While all people of good will call for calm and respect for the rule of law in Ferguson, Missouri, the truth remains that violence begets violence. Truthfully, Michael Brown’s violent death at the hand of a police officer, and the violent aftermath, are tragic reflections of America’s continuing struggle with institutional racism, cycles of poverty, segregation from opportunity, and the unjust uses of the criminal justice system as a means of social control. Tragically, the poor people of Ferguson are further deprived when local businesses are destroyed by riots. Yet, very few Ferguson’s black underclass own homes or businesses in their neighborhoods. That may go a long way toward explaining why desperate people, isolated and under police occupation, don’t feel the kinds of personal investments that would cause them to rise up and prevent destruction of “their community”.
Mahatma Gandhi once said: “poverty is the worse form of violence”. Martin Luther King Jr. added, “riots are the voices of the unheard “. We would do well to heed the voices of these historic peacemakers. To understand the acts of desperation is not to excuse them. But, true peace is not simply calling for calm in the face of injustice. Abiding peace is found with the presence of justice.
Sadly, with emotions still raw from the grand jury non-indictment, Officer Darin Wilson stated publicly in a broadcast interview there is nothing he would do differently” in the killing of Michael Brown. He feels that he “did his job properly.” That being the case, I would submit that Michael Brown is not the only soul that is to be pitied in this case. Mr. Wilson has a very long journey to find his own soul and his humanity. And those of us who allow our socio-economic order to allow a Darin Wilson to police Michael Browns need to search our souls as well. We should not expect peace without justice. Without fighting for justice we have very little moral authority to call for calm and peace.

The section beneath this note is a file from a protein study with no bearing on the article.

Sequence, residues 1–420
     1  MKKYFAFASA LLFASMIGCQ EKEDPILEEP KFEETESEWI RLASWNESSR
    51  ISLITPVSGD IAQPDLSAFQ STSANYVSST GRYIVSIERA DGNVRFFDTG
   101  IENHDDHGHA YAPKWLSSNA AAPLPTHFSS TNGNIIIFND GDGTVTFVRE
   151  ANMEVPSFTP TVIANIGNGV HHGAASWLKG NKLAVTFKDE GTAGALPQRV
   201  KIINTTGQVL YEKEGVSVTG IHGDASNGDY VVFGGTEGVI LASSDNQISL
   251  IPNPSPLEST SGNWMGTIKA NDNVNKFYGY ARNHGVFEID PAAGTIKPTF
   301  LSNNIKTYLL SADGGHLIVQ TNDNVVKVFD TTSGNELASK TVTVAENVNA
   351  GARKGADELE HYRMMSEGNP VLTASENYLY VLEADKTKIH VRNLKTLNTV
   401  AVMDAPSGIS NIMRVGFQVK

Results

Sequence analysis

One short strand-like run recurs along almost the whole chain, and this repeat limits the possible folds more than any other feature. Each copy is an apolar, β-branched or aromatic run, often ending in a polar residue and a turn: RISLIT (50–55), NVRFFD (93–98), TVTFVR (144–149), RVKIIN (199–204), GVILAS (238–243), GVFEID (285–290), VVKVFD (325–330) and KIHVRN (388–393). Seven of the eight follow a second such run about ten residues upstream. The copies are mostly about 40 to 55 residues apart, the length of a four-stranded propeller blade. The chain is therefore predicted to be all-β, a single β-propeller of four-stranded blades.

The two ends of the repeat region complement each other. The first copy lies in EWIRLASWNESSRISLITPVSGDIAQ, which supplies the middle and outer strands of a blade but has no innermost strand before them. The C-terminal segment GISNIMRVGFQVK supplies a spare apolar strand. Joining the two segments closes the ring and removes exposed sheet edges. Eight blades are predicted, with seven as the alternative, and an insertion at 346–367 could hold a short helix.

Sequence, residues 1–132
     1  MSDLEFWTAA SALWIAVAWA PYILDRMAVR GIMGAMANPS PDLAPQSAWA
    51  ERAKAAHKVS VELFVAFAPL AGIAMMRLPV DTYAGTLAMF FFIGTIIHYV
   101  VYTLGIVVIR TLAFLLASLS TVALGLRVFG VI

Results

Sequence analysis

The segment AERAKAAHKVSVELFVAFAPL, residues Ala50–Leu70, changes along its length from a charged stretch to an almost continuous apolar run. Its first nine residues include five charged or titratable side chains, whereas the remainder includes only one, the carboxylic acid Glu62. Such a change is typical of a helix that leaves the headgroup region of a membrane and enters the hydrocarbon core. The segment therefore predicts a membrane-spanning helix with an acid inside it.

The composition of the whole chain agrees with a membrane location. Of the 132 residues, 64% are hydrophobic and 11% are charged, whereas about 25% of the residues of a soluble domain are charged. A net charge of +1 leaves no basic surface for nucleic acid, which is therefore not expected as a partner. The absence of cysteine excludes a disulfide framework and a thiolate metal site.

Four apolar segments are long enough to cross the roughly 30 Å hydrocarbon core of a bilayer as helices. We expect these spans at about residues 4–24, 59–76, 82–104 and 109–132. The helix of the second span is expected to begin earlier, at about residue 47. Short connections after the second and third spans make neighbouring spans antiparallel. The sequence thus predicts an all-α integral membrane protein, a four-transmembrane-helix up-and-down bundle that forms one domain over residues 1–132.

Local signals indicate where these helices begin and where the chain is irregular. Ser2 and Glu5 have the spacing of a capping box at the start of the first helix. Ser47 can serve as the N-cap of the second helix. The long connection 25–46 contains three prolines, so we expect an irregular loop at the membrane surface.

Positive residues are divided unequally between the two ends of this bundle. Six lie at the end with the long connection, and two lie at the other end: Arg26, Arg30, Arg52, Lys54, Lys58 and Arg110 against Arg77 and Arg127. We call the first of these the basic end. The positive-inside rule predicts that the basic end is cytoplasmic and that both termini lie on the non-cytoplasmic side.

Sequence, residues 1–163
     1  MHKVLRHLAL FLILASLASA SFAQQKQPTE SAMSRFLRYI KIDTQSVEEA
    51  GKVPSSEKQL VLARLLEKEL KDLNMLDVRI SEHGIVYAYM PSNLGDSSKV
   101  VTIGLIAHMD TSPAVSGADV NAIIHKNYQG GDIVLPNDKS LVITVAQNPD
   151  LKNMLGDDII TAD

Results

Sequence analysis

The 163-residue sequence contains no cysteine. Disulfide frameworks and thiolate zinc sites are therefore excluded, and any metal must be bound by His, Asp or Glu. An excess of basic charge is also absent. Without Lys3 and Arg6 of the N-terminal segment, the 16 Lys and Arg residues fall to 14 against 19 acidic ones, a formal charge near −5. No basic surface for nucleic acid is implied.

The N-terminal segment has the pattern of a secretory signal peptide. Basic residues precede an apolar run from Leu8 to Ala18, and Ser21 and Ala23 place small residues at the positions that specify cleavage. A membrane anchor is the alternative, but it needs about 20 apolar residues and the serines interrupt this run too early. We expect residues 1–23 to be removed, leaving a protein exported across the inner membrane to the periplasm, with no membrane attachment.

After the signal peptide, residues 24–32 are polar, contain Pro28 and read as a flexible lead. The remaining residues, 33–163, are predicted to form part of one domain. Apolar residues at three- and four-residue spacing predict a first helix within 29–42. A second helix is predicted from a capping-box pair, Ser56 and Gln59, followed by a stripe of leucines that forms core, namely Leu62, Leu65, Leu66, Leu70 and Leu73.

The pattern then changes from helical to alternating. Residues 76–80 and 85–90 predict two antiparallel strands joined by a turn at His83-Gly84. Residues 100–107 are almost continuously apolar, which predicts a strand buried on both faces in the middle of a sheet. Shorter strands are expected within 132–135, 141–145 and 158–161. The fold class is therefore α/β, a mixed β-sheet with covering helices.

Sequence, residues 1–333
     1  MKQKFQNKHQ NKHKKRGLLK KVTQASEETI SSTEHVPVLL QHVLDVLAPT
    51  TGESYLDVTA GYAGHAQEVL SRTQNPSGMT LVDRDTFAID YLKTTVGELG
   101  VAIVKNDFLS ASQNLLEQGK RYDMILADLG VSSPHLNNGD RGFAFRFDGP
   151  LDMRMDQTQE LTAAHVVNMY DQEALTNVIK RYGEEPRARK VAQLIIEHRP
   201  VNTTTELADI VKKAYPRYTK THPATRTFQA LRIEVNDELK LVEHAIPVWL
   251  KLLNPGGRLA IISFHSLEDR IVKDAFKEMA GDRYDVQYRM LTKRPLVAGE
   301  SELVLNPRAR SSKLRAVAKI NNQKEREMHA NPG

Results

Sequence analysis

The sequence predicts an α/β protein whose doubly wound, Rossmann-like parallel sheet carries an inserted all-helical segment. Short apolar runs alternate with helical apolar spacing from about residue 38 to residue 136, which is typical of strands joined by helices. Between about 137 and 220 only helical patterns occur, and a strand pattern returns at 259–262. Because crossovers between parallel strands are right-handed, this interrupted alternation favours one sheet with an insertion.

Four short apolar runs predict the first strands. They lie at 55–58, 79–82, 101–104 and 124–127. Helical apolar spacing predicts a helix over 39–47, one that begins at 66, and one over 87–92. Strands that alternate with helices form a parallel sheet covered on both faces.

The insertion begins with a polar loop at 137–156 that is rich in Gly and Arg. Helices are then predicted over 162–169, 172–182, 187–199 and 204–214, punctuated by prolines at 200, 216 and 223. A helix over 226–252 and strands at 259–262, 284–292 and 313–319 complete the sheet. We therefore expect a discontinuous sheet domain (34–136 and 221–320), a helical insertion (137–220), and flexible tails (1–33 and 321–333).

Neither justice or peace comes naturally in the natural world. That is why Jesus of Nazareth called for God’s children to be peacemakers. “Blessed are the peacemakers, for they shall be called the children of God. (Matthew 5:9). Somebody has to be about the business of making peace. Abiding peace is made when justice is done and all communities of peoples are flourishing with hope and opportunity. Darin Wilson felt the need to conclude that his “conscience is clean”. He did not say clear, but “clean”. Well today, the conscience of our nation could be neither clean nor clear. We have a very difficult road ahead of us.
Without our nation doing something different to address the legacies of racial injustice, I fear that Ferguson is more a reflection of America’s future than it’s past. If we do not fight the obscene violences of institutional racism, grinding poverty and despair, there be neither peace nor tranquilly in our collective future. To fight for justice today is to help make peace for tomorrow. To the diverse and youthful peaceful protesters of the Ferguson crises around the nation, I would encourage you to keep fighting the good fight. Fighting injustice and and wealth disparity is the good fight of faith for America’s future. Our future does not simply unfold, it is molded and joined. God’s children are not called to indifference and sitting on the sidelines. We are called to join the good fight, and we are blessed with a brighter future when we do.
(Marshall Hatch is the pastor at New Mount Pilgrim Missionary Baptist Church, Chicago, IL and the chair of CCDA’s Biblical Justice Committee.)